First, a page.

When Disney announced that a new adaptation of the book A Wrinkle In Time for the big screen was underway my initial response was one of apprehension. This would not be the first time this work would be adapted as it had been previously done back in 2003 for television, was co-produced by Walt Disney Television, and was unfortunately greeted with scorn for its treatment of the original story. Now the House with the Mouse would take another stab at this work originally written by Madeleine L’Engle. However, dare I hope that if Disney is going to take a big screen try at the film that perhaps it might help to elevate it into a worthwhile movie?
At the onset of this film we are introduced to Alex Murry, a scientist who is showing his young daughter, Meg, some of the wonders of science specifically in the area of frequencies and physics. We then flash forward to the present day where we see an older Meg spending some one on one time with her terribly bright and precocious brother, Charles Wallace. We then come to realize that Meg is a very miserable person in present day. Her father has mysteriously vanished, and Meg is the subject of bullying. She is pretty much emotionally spiraling downward, but one evening is graced with a visit from a terribly eccentric woman named Mrs. Whatsit (Reese Witherspoon). After saying a few unusual things she bolts off and what we are left with is a series of questions. They are then awarded with a visit the next day to another equally mysterious woman, this time named Mrs. Who (Mindy Kaling). Now that Mrs. Whatsit joins up with them again, along with a larger than life Mrs. Which (Oprah Winfrey), they inform Meg, her brother, and her high school friend Calvin, that they need to go on a mission to rescue Meg’s father.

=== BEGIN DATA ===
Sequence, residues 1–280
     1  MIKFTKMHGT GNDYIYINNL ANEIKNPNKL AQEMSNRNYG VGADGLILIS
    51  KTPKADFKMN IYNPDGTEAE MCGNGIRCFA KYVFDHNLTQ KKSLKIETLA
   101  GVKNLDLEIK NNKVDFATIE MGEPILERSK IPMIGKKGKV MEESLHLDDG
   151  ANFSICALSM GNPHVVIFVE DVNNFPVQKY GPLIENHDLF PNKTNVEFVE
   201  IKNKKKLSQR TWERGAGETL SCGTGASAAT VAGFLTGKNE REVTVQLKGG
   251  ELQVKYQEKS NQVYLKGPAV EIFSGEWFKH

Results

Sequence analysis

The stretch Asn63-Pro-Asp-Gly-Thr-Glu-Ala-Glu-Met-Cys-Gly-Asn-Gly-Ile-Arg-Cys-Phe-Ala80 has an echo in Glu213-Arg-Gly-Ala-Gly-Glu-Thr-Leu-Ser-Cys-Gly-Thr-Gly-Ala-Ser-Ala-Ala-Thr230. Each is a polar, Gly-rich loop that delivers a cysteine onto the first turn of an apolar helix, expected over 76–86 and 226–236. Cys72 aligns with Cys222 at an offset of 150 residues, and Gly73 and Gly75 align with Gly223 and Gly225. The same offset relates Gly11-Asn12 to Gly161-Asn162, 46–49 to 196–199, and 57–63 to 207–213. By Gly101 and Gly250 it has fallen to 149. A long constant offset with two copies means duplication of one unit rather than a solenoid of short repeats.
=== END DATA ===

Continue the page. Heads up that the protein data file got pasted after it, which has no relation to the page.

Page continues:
This movie was disappointing. I actually did somewhat like it, but not to the degree I had originally hoped. It’s certainly an improvement over what was made in 2003 for TV, and yet it doesn’t quite materialize into the type of movie I was looking for. Screenwriters Jennifer Lee and Jeff Stockwell did a reasonable job in adapting this book for the big screen, and aside from some important cuts that never made it into the film, what we have is nothing more than a series of positive affirmations, but without any real meat of a story to drive it along. This is also disappointing because the cast is quite good, especially that of the children. Storm Reid has to pretty much be “on” throughout the course of the film as Meg, and even in scenes she shares with Chris Pine (as Dr. Alex Murry), she clearly dominates them. Whether she is playing angry, scared, or sad, she has plenty of conviction in what Meg is supposed to be feeling. Juxtapose that with Calvin, as played by young Australian Levi Miller, and he’s as equally cool as Meg is emotionally on hot and on fire. They have a cute chemistry together, but Miller’s Calvin is totally underused. Early on the film we are told that he is wanted on this quest to save Meg’s father because of his diplomatic skills when speaking, and yet we never see that put into any type of positive use. He does have a few good moments here and there with Meg, and while some of those are extremely positive with the messages they convey, he feels largely irrelevant as a character that is supposed to be very much needed.